That title is borrowed from a review of my bird by Kelsey Hoff recently published in Columbia Poetry Review, and I think I'd like to use it as the subheading for all of 2016. Pelican is nearly a tender year old, a fact I believe almost as little as the praise heaped on my little book that could. The first print run is nearly sold out, but you can still buy copies before the second printing here. Every time I sign a copy for someone, I want to warn them of how sad the poems are, how far away they are from how I feel now. I can't think of a better characterization for how I feel about this new year of writing than one from Hoff's review:
Even in her quest to become her best self, she must look to a nostalgic past for warm memories, though she feels a deathlike detachment from them.
Every time I return to Pelican or the manuscript for my follow-up to Pelican the poems feel more like dreams from some other life. How does the self end up so strange? The work this year is so much more about articulations of joy and strength, a practice in being gentle with myself. I am drafting and publishing and performing maybe more than I ever have, but I'm trying to be accountable only to my own expectations instead of worrying about the big "what's next?" question. In a month, I'll hear back from grad schools and potentially have to make a huge decision about uprooting myself and having a life in another city for at least a few years when Boston has come to feel so much like home. That single disruption to how I imagine my future as an artist has been the greatest disruption I've ever experienced.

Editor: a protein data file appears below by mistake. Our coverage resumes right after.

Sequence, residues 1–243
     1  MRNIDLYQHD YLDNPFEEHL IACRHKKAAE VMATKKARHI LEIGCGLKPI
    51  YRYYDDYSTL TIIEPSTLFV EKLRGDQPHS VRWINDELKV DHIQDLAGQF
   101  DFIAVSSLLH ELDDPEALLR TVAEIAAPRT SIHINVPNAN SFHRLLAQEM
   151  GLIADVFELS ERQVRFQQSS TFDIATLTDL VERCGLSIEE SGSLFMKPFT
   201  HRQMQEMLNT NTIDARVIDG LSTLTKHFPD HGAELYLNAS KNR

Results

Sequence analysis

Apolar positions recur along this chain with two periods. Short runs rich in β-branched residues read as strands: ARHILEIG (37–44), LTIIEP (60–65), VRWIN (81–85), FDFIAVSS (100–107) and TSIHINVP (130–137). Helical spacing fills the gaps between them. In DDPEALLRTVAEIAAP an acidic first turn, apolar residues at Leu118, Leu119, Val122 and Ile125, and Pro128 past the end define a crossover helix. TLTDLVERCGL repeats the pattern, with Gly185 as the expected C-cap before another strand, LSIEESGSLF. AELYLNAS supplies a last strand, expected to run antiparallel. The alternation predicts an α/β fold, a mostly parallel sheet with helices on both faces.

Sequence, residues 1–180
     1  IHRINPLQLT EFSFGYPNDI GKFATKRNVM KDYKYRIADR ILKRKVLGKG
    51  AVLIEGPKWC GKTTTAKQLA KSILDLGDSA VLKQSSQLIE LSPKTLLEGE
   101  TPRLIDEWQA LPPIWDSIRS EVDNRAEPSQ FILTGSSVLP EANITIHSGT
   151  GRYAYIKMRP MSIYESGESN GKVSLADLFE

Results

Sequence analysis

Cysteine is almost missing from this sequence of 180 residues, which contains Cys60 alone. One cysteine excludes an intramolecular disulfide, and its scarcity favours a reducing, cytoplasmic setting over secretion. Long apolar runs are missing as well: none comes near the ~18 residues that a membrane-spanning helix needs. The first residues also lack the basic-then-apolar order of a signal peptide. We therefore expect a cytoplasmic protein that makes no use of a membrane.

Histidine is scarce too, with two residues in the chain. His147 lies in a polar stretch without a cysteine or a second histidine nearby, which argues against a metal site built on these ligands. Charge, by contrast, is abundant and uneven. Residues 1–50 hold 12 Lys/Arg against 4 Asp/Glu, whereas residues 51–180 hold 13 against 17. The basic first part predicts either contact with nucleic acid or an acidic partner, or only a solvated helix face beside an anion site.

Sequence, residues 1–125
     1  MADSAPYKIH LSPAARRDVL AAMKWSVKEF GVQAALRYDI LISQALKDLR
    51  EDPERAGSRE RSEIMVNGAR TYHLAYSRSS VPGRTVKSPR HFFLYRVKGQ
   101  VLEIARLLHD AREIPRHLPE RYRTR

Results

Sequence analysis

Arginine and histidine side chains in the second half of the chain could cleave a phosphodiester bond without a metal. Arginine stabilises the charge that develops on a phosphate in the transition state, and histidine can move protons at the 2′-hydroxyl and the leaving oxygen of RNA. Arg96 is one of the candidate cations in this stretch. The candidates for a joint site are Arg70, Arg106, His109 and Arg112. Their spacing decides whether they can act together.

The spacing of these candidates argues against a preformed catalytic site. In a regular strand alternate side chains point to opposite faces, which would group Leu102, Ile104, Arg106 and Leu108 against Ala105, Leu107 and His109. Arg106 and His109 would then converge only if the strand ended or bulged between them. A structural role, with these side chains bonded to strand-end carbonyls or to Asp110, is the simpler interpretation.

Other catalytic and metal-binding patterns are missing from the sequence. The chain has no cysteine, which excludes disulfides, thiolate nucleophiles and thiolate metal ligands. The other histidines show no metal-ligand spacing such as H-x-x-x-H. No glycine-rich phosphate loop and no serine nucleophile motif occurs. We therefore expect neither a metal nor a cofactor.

Most of the people close to me think the pace I write at is terrifying and it certainly doesn't hurt to slow down, to measure my movements more carefully, to dig in for the winter and work more carefully while I'm still here. I recently did an interview with Your One Phone Call where I was asked to give my younger self advice and ended up with the following:
Be as patient with your own failings as you are with other people’s. Walk away the first time your gut tells you to, not the fifth. But if you do wait until the fifth time, you are not wrong to have stayed. You are not the things that have been done to you. You are not the things that have been done to you. Be gentle with yourself. Make time for quiet. Make time to recharge even when you think you don’t need it. You have permission to be in pain when you are in pain; do not wait for anyone to confirm this, just tend to what hurts how you need to. Don’t apologize for crying when you are overwhelmed. Survival isn’t something to feel guilty for. Growth isn’t something to feel guilty for. Leave when you need to. Come back when you need to. Set boundaries and let in only the people who respect those boundaries. Make whatever you need to out of everything that happens. Worry about what it means only when someone asks you, and if you can’t find an answer don’t be ashamed.
Even though I wrote it to my younger self, all of it applies now more than ever. Speaking of coming back when I need to, I have my first real New York reading next month at KGB Bar on 2/19 for the Free Water reading series, details here. If you're in or around the city, I'd love to see you there!